• 1/3 cup canned pumpkin purée (not pumpkin pie filling)
  • 1.5 tbsp pumpkin pie spice
  • .75 cup plain or vanilla pea or rice protein powder
  • Rolled oats or almond flour (optional)


  1. In a large saucepan over low heat or In a microwave-safe bowl, heat the nut butter and maple syrup until liquid and warm. Whisk until combined.
  2. Remove from heat and add the rest of the ingredients, stirring until thoroughly combined or a thick, firm batter has firmed.
  3. If the dough is too loose, add rolled oats or almond flour, a little at a time until firm.
  4. Using a small ice cream scoop or clean hands, form the dough into 1-inch balls and place on a baking sheet lined with parchment paper.
  5. Chill the balls in the refrigerator until firm.
  6. Enjoy!

Coconut Cranberry Snow Balls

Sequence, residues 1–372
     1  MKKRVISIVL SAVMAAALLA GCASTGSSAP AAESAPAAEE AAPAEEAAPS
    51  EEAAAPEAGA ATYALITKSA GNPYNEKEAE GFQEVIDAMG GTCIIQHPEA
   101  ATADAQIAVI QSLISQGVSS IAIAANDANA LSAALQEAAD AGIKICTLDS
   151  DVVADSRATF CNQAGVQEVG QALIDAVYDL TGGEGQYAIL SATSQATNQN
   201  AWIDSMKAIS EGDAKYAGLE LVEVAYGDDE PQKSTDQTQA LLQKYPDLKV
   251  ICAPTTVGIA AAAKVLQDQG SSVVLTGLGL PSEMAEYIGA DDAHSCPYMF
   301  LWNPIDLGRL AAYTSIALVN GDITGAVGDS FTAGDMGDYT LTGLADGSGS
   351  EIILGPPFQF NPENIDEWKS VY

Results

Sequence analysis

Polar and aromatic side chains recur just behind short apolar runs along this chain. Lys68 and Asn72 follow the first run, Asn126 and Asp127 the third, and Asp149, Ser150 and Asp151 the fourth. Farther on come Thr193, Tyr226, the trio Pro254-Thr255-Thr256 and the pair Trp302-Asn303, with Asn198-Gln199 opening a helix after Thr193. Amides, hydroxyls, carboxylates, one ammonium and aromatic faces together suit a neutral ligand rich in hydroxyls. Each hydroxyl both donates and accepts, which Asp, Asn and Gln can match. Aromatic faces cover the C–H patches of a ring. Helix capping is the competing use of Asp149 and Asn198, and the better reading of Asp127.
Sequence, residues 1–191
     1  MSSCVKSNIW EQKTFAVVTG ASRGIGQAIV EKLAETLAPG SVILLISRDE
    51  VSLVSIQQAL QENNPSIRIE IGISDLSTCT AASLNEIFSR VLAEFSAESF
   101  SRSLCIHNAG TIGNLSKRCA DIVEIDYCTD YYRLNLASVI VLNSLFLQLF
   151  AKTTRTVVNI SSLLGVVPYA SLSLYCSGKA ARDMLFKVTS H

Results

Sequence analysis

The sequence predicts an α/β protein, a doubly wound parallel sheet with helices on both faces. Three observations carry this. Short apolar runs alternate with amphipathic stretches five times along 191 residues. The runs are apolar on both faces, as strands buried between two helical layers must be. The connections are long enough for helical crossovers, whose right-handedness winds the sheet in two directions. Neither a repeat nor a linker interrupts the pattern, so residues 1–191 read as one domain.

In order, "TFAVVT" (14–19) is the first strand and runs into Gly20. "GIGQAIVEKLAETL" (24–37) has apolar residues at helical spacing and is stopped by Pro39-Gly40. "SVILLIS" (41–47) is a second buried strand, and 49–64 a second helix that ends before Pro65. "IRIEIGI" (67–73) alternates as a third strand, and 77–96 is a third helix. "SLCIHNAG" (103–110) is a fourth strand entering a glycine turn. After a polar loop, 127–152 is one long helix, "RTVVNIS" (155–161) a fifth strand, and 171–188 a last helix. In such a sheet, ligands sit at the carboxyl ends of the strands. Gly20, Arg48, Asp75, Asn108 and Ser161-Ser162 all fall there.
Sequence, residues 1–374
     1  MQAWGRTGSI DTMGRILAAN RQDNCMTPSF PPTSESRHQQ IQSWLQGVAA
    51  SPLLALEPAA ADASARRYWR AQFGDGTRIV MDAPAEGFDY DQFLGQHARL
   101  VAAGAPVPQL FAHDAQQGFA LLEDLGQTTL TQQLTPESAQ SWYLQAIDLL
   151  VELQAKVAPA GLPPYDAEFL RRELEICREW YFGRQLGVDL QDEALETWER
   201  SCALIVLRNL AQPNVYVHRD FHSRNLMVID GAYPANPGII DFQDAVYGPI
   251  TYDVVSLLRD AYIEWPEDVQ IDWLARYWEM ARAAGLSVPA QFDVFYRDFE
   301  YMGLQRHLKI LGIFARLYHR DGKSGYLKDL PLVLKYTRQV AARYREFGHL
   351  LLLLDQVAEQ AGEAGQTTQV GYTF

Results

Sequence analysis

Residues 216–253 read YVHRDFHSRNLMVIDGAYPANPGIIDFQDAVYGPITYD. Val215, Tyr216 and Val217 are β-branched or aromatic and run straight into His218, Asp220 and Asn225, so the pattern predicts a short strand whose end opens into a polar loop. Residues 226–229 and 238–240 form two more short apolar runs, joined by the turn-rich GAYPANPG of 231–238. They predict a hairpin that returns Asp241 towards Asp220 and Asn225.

cranberry coconut protein balls sitting on a shallow plate on top of a checkered hand towel.

These protein balls have chewy cranberries, nutty coconut, and a bit of orange zest for a tart and sweet festive bite.


  • 1 cup old fashioned rolled oats
  • 1 cup natural almond butter or cashew butter, warmed
  • .25 cup maple syrup
  • .5 cup plain or vanilla protein powder
  • .5 cup plus 3 tbsp unsweetened shredded coconut
  • .5 cup dried cranberries
  • 2 tbsp coconut oil, melted
  • Zest of two oranges


  1. In a large bowl, combine the oats, protein powder, orange zest, cranberries, nut butter, 1/2 cup of shredded coconut, and melted coconut oil until a dough is formed.
  2. Using a small ice cream scoop or clean hands, form the dough into 1-inch balls.
  3. Roll each ball in the remaining shredded coconut.
  4. Store in a covered container in the refrigerator or freezer.